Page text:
Pediatricians Offer “Top 10 List” of Tests or Treatments That Parents, Physicians Should Question

The American Academy of Pediatrics and Choosing Wisely has released a new top 10 list of tests and treatments in pediatric medicine that should be questioned. Image: iStock.com/herjua

The American Academy of Pediatrics and Choosing Wisely has released a new top 10 list of tests and treatments in pediatric medicine that should be questioned. Image: iStock.com/herjua

In an effort to reduce the unnecessary use of medical interventions for children, a pediatrics group has released an updated list of common diagnostic tests and treatments that physicians and parents should question.

This week, adding to a “top 5 list” that was released in February 2013, the American Academy of Pediatrics (AAP) released a second list of 5 things commonly done in the field of pediatrics that should be questioned by doctors, patients, and parents. This effort is part of the Choosing Wisely campaign, a nationwide initiative developed by the American Board of Internal Medicine (ABIM) Foundation that encourages doctors and patients to do just that when faced with the myriad tests, procedures, and treatments that are so readily available in this current era of medicine.

Since 2011, Choosing Wisely has published top 5 lists of common practices that both physicians and patients should question in terms of their true medical necessity for more than 40 subspecialties of medicine. The lists were developed by various subspecialty professional societies through extensive reviews of current scientific research that allowed careful weighing of the costs, risks, and benefits of each intervention. The AAP’s list is one of the first top 10 lists to be published.

The new recommendations on the expanded list for pediatric medicine include:

  • Do not give high-dose steroids (in place of lower-dose steroids) for the prevention or treatment of lung problems (bronchopulmonary dysplasia) in premature infants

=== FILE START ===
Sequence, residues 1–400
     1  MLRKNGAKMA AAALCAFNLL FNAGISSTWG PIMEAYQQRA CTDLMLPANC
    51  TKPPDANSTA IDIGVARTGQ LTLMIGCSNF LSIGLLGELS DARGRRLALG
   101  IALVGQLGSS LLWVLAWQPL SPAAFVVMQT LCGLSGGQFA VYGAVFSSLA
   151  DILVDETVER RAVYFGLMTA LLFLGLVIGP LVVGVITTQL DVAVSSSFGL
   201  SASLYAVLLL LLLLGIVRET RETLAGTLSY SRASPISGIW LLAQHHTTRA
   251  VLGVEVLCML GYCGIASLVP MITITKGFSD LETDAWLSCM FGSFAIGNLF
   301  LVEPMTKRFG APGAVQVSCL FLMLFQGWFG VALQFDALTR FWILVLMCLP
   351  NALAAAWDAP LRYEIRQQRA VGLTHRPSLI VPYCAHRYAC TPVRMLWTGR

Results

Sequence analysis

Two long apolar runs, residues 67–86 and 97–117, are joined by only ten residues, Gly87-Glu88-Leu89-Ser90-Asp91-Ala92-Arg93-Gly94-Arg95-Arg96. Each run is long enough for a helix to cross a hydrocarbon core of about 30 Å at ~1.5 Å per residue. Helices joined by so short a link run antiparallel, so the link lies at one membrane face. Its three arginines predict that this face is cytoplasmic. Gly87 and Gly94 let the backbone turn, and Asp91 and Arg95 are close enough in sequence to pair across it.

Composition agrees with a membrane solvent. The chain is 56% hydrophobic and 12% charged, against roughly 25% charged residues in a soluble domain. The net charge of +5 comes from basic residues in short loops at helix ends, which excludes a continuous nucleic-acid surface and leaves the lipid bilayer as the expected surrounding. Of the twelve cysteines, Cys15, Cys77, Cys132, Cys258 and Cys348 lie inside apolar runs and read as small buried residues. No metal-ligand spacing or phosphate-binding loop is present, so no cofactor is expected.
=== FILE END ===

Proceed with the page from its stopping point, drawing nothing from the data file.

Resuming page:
• Do not perform screening panels for food allergies without previous consideration of medical history
  • Avoid using acid blockers and motility agents for gastroesophageal reflux that is painless, “effortless” (not associated with anything except stained clothes), and not affecting growth; do not use medication in the so-called “happy-spitter”
  • Avoid the use of surveillance cultures for the screening and treatment of bacteria in the urine when it is asymptomatic
  • Do not routinely use infant home apnea monitors to prevent sudden infant death syndrome (SIDS)

These new items join the AAP’s previous Choosing Wisely recommendations that address the use of antibiotics for viral respiratory infections, the use of cough and cold medications in younger children, and the use of imaging to evaluate minor head injuries, fever-related seizures, or abdominal pain.

The Choosing Wisely lists are intended to stimulate conversation between physicians and patients (or parents), and should not be viewed as a rigid set of guidelines or rules. The campaign’s history is discussed in a previous news@JAMA post about the release of the top 5 list for pulmonary medicine in November 2013.



Categories: Pediatrics, Quality of Care